Towards the end of our dance practice today, while preparing once again the item, Shivanu Kruti, “the masterpiece of Lord Shiva”, Guruji spoke about Guru Sambhunath Jena, the best exponent of Mahadev dance. “It takes a lot of practice to embody the energy of Lord Shiva, in fact a whole lifetime, at least”, he said as he demonstrated one more chamac (thrilling movement of the shoulders that I am supposed to incorporate from now on) while doing the walk of eight steps, finishing in dharan. As he was walking he was grinning, as if remembering something, and with a chuckle he started saying, “Sambhunath Jena would stand on one toe and do Urdhasana…”
“ON ONE TOE! ON ONE TOE, GURUJI!!??” I interrupted, completely amazed at the possibility. He continued laughing and added, ” in our time, such gurus, ek dance karne ke liye peda hue the.” They came into this world to do just one dance, to embody one energy, to BE chhau, to BE Lord Shiva, Krishna…. “The king used to give them everything of course, they had good food, ghee, mutton, chicken, all the rice they could have. They were completely under his care, and he gave them the best because he expected the best from them. The dancers were his pride and possession, his most precious offering to beloved Ambika Devi.” As a result, the best dancers believed in their calling, they accepted their fate of becoming Gods on stage, following a long process of training and initiation into one character. So how did they know, who was fit for such greatness?
The olden Gurus would study their disciples to see what kind of energies moved through them. This way, they would know what style to train them in, and hopefully what character they could one day come to be. In Chhau there are three ways in which the energy and therefore movement expresses itself. They correspond to three states in nature. The Kalibhanga, is the softest quality, and literally means to bend the softest end of a spring. It corresponds to the Lasya Bhava mentioned in the Natya Shastra. The Hathiyardhara is the hardest quality that originates from the intention of holding a weapon to strike. It is compared to the thickest part of the trunk of a tree. In the Natya Shastra it is described as the Tandava bhava. The Kalikata Hathiyardhara, unites the latter two qualities. It means to cut the softest end of a spring with a weapon. A dancer fit for the kalibhanga style would have to be extremely supple, and flexible with the capacity to bend and twist gracefully. He would also be trained in the female movements, to embody the female characters. The hathiyardhara dancer would be the warrior par excellence, able to wield agilely the sword and to hold a 6 kilo shield with no distress. They could take on characters such as Parashuram, Ekalavya, Ranga Panda or Hanuman. The Kalikata Hathiyardhara dancer endured the challenge of being as supple as a grass stem, and as strong as a sequoia tree trunk. Only these kind of dancers had the honor of imbibing Lord Shiva.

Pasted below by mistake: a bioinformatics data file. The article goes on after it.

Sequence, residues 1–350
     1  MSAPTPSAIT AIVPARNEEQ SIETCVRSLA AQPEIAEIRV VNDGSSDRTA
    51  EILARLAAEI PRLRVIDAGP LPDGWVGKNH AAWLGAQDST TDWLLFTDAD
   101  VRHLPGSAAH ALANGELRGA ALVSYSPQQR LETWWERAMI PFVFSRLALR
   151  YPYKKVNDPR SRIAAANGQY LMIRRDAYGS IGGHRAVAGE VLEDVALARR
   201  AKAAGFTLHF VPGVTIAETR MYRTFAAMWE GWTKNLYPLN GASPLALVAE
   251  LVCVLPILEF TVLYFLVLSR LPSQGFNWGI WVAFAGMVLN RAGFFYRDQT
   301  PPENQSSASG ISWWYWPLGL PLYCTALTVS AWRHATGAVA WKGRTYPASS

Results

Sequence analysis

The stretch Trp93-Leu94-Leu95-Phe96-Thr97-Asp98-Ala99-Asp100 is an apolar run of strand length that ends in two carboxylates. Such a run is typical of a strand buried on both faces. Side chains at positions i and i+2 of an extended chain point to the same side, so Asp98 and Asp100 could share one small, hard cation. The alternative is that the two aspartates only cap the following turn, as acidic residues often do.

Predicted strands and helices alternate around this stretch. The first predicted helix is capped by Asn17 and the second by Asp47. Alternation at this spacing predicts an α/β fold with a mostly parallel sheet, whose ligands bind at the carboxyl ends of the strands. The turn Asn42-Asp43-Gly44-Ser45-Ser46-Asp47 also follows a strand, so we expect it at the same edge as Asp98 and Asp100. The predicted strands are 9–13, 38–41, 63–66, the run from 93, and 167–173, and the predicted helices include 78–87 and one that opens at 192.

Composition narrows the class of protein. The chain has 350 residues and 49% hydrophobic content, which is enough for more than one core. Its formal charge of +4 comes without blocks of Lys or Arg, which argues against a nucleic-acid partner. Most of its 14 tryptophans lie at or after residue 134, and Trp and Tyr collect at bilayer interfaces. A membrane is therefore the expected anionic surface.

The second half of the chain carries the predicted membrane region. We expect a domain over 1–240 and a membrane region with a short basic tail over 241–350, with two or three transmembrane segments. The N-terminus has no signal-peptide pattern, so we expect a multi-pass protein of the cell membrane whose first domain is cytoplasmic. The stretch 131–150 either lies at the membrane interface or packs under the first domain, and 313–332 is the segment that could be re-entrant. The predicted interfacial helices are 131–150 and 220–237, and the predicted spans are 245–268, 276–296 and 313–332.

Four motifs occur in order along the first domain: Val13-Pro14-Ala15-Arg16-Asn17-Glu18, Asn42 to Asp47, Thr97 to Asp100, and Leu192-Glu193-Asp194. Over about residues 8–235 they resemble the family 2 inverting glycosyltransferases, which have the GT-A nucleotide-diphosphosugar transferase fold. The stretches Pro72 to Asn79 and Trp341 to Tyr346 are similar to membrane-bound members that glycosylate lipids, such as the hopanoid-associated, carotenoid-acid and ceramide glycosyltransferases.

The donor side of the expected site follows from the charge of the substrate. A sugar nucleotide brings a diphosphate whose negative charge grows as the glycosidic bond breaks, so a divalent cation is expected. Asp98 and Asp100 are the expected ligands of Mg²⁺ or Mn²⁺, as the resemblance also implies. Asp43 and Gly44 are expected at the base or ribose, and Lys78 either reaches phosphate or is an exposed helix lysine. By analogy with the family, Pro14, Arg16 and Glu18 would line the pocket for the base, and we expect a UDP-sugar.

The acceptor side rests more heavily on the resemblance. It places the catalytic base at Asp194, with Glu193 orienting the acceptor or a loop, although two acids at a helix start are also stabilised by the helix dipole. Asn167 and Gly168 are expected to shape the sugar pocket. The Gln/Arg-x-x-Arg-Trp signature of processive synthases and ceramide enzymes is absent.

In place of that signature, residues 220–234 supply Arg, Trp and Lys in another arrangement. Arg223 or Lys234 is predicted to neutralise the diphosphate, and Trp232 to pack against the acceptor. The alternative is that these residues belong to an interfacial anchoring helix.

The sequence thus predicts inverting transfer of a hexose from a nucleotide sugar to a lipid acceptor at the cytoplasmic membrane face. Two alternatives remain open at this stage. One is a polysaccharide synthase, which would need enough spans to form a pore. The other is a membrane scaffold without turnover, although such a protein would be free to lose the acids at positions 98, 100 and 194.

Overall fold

…This tradition goes on in theory… It is very hard to understand what it means to give your life to the force of one “character”. What Guru, what student is ready to accept that nowadays?
On one toe…. I tried standing on all my toes as in a ballet demi-point…. I couldn’t get my leg all the way up before loosing my balance. GREAT! A new challenge! At least to achieve a demi-point in this lifetime.
It’s been around eight years since I first learnt the complete Nataraj item by Guru Trilochan Mohanto, who had learned this from Sri Hari Naik, one of the best Nataraj exponents. Before this, Guruji had already composed a version of the dance for me, but he wanted me to learn the traditional item which was performed in Mayurbhanj. So he sent me on my first trip to the homeland of Chhau in the village of Rairangpur…. and my journey with Him began. https://youtu.be/cs_g094_-Dc
How many times have I worn my tiger kamar band, decked in Rudraksham with trilochan on my forehead? …Not enough…one lifetime. Am I worthy of it? Only he will know.
So while coming back home on my scooty, traversing through the long D.N.D Flyway coming back from Noida, a prayer came into my mind:
Dance me once again my Lord and as many more times as you want… Dance me as a soloist and dance me in a group; dance me in world famous theaters and in school annual day programs; dance me for the rasikas and for the oblivious; dance me my Lord, for the connoisseurs and for the layman; in this land and other lands; inside and outside…Dance me. Dance until I can’t remember my name; dance until these ghungroos echo on the slopes of Himalaya; dance….until Devi herself looks lovingly at me through the corner of her eye and knows that I am her beloved.